Experts have ruled drugs used to treat schizophrenia should not be given to elderly patients with dementia.
The drugs were given to elderly patients
The antipsychotic drugs risperidone and olanzapine are used to control behavioural problems.
But the Committee on Safety of Medicines said patients with dementia were three times more likely to have a stroke if they were taking the drugs.
The CSM estimated that around 40,000 over-65s were prescribed the drugs last year.
Around 30,000 were given risperidone, and 9,000 olanzapine.
Both drugs are atypical antipsychotics, which are also used to treat agitation, anxiety, mania and aggression.
Some doctors prescribed the drugs for patients with dementia, even though they were not specifically licensed for that use, if they believed they could help the individual patient.
But there has been concern that antipsychotics were being inappropriately used as a so-called 'chemical-cosh' to control patients.
Experts have now said the evidence linking the medications to increased stroke risk means they should not be prescribed for patients with dementia.
They said many patients' conditions could be managed without drugs, and there were other alternatives for those who needed medication.
Professor Gordon Duff, chairman of the CSM, said: "Atypical antipsychotic drugs are an effective way of managing a range of conditions and have a good safety record.
"The advice issued today relates only to two specific atypical anti-psychotic drugs being used to treat behavioural symptoms for dementia.
"Other patients using this type of drug to manage other conditions are not affected."
He added: "Treatment should only be stopped on the advice of a doctor.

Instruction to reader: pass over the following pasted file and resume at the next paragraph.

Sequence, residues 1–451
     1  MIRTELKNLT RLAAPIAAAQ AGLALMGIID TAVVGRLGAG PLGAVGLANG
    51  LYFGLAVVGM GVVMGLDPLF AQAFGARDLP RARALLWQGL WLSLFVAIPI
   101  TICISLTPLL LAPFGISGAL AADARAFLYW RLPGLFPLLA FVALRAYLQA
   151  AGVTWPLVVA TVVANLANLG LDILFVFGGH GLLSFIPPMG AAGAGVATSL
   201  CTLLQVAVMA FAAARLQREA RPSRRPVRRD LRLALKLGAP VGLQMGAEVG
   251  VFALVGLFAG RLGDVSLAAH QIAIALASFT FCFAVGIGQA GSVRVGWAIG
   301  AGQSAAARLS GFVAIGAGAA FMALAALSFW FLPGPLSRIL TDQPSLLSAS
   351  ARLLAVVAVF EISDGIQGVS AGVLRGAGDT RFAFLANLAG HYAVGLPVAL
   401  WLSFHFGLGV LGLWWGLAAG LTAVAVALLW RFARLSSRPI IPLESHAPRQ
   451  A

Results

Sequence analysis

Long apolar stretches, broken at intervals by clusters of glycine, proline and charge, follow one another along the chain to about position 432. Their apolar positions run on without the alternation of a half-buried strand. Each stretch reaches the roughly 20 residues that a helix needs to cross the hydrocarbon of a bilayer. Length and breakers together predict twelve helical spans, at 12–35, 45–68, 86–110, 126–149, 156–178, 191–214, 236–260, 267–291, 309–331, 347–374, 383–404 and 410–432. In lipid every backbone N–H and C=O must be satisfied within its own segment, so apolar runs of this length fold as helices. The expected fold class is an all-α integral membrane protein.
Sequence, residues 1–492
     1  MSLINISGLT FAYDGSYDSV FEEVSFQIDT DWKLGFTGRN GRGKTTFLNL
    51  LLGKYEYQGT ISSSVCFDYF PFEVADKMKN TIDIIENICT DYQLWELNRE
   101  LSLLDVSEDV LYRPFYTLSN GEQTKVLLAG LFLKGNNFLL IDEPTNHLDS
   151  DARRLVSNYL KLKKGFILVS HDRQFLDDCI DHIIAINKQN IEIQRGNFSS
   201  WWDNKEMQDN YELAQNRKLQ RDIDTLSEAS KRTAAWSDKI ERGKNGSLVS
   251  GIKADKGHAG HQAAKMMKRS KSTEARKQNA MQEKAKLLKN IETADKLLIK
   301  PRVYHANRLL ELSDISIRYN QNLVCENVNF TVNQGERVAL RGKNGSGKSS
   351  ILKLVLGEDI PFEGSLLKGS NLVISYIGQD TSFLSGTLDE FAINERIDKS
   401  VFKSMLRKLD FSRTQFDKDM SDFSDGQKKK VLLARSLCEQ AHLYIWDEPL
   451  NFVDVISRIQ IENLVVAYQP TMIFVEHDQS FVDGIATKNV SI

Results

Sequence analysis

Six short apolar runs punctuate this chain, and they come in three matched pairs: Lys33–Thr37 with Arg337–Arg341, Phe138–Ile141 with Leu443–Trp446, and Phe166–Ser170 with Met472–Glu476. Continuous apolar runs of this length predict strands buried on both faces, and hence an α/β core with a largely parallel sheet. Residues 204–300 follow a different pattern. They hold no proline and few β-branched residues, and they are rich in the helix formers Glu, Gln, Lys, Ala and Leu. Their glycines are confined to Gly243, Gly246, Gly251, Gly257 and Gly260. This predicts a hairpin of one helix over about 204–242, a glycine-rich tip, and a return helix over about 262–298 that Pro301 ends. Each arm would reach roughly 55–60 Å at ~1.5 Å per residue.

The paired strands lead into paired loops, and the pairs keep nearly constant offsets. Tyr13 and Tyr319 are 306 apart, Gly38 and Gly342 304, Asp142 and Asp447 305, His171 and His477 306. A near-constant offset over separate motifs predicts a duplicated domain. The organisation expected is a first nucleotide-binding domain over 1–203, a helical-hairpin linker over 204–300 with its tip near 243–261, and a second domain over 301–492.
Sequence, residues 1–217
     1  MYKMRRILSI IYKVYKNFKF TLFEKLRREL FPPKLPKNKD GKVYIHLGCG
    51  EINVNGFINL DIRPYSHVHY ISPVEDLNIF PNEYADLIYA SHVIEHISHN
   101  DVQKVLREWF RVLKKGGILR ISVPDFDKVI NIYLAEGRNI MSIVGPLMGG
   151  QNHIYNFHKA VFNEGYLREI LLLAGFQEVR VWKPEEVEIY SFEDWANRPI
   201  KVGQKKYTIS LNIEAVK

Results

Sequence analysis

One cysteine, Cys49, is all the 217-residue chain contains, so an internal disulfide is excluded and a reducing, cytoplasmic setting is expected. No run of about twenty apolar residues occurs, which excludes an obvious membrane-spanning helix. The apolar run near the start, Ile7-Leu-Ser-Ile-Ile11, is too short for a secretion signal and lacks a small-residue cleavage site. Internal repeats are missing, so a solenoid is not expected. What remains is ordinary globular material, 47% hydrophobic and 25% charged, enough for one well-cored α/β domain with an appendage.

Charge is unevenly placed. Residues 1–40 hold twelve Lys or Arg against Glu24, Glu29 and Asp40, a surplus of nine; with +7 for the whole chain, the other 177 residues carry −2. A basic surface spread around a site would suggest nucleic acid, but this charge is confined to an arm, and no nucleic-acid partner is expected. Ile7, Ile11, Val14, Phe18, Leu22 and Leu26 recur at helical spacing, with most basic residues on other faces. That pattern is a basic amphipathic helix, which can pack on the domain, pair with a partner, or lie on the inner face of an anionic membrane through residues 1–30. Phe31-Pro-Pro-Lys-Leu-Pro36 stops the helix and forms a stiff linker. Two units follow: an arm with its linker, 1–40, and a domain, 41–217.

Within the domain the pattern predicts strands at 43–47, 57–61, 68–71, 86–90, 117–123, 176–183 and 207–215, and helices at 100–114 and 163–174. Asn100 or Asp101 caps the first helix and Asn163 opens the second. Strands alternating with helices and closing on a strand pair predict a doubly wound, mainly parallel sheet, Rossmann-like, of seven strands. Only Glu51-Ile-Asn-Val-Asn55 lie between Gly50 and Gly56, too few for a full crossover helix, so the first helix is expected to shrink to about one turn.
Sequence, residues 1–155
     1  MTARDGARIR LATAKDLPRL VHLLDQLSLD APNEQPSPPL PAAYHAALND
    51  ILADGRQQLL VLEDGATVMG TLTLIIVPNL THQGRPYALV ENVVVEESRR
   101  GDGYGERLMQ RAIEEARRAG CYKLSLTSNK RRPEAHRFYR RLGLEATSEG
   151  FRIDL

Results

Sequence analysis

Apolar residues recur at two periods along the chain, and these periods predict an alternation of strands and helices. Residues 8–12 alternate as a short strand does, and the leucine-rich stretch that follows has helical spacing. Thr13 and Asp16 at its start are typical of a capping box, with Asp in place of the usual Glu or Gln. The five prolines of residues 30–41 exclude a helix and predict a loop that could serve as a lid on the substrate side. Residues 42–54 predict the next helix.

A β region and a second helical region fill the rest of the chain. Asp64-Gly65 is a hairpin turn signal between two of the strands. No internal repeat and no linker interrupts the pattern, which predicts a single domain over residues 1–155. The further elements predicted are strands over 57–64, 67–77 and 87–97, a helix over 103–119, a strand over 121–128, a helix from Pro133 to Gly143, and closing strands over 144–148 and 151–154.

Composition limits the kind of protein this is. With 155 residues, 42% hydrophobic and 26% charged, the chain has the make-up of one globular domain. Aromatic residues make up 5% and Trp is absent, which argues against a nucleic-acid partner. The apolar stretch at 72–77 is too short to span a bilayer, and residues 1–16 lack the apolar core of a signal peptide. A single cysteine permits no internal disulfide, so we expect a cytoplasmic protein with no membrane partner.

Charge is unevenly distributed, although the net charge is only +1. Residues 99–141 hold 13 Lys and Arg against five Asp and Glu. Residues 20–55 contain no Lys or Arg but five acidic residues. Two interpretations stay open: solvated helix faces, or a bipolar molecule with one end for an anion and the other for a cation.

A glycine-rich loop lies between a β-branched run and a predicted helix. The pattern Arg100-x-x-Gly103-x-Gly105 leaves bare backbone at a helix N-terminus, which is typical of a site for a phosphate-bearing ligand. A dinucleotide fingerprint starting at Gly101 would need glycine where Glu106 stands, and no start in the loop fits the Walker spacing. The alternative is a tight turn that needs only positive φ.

"Where elderly patients with dementia are receiving one of these drugs, carers should arrange for the doctor to review treatment as soon as practical within the next few weeks."
Sir Alasdair Breckenbridge, chair of Medicines and Healthcare products Regulatory Authority, added: "Antipsychotics are not licensed for the treatment of behavioural problems in dementia but we know they are used in these patients outside their licensed indications where prescribers make a judgement on their own responsibility that it is the right treatment for a particular patient.
"Many patients who suffer from dementia can be managed without medicines and for those who do need drug treatment, there are a variety of alternatives available."
Professor Clive Ballard, director of research at the UK's Alzheimer's Society, said: "The Alzheimer's Society sees this as an important opportunity to improve the treatment of people with dementia.
"People with dementia are too frequently given powerful sedative and antipsychotic drugs."
He said he was concerned such drugs were being overused, particularly in residential and nursing homes.
"In some areas of the country more than 40 per cent of residents with dementia are prescribed these treatments."
Paul Burstow, Liberal Democrat health spokesman, said: "This new advice underlines the need for active medicine management in the care of older people.
"The over medication of older people amounts to abuse. It can result in death and it denies older people their dignity.
"There needs to be much better monitoring of whether these drugs are being used for the benefit of patients or of staff."
The Chief Medical Officer will issue the revised prescribing advice to doctors.
The MHRA's website will also publish information for patients and doctors.
New guidelines on how dementia should be managed are also being developed by experts.